An Even Better Way

BY STANLEY ZAROWIN

In the September 2001 Tech Q&A column, we suggested a way in Excel to get rid of the dreaded #DIV/0 when you try to divide a number by 0. We suggested using the IF(). So, if you divide B2 by C2, the formula would look like this:

=IF(C2=0,“Please enter a divisor other than 0”,B2/C2)

This is what it would look like in Excel—with and without the IF formula:

Another way to solve the problem is to use the ISERROR function in an IF statement:

=IF(ISERROR(B2/C2),"",B2/C2)

The two quote marks with nothing between them will return a blank cell, which could be replaced with a 0 if you wish.

This solution has another advantage: It’s not likely to cause an error if that cell is summed in a formula.

(Submitted by Ryan R. Blazei, CPA, of Virchow, Krause & Co., LLP, Appleton, Wisconsin.)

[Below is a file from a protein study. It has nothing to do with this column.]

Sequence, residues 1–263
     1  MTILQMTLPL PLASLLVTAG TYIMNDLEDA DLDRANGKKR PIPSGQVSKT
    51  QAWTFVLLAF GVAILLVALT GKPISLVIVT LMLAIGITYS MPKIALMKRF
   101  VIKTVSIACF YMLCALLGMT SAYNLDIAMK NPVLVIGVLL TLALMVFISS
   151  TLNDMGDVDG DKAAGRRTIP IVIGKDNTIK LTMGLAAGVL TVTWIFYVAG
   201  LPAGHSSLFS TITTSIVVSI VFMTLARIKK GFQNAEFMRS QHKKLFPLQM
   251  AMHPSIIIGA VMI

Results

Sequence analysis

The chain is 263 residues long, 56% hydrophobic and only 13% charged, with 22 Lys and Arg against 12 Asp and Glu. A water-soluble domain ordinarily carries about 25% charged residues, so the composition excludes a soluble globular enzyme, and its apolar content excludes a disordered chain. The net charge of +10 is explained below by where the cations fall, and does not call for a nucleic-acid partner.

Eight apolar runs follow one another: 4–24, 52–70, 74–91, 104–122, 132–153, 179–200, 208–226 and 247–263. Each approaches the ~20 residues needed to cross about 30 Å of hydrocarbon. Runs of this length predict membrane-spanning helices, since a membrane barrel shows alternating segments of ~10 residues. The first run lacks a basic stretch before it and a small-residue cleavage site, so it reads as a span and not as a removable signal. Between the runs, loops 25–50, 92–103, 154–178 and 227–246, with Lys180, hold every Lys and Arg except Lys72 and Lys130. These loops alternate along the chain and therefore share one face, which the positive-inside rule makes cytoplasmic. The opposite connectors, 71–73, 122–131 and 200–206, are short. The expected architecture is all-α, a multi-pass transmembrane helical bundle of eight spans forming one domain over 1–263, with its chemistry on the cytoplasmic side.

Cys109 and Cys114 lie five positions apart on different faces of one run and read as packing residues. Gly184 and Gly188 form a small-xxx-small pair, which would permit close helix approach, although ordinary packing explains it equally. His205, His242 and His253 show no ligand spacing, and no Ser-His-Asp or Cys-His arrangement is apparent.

Clarification
Occasionally I receive e-mails from readers who say they cannot activate a tip I mention in this column. More often than not, it’s because not all tips work in every edition of Windows.

I try to test shortcuts in two Windows editions: Windows 2000 and XP. As you can imagine, it would be very difficult to test them in every edition, and it would be equally difficult to find out which editions are incompatible with a tip. I apologize for the inconvenience.


Do you have a technology question for this column? Or, after reading an answer, do you have a better solution? Send them to Senior Editor Stanley Zarowin via e-mail at zarowin@mindspring.com . We regret that we cannot answer letters individually. If a reader’s question is deemed to have sufficiently broad interest, we will answer it in a forthcoming Technology Q&A column.

—The editors

SPONSORED REPORT

Keeping client information safe in an age of scams and security threats

A look at the Dirty Dozen tax scams and ways to protect taxpayer information.

TAX PRACTICE CORNER

More R&D tax help

"Can I use the R&D credit?" PATH Act enhancements make the credit more attractive to a wider range of taxpayers.

QUIZ

Learn to choose between ‘who’ and ‘whom’

Writers can stumble over who and whom (or whoever and whomever). If you write for business, this quiz can help make your copy above reproach.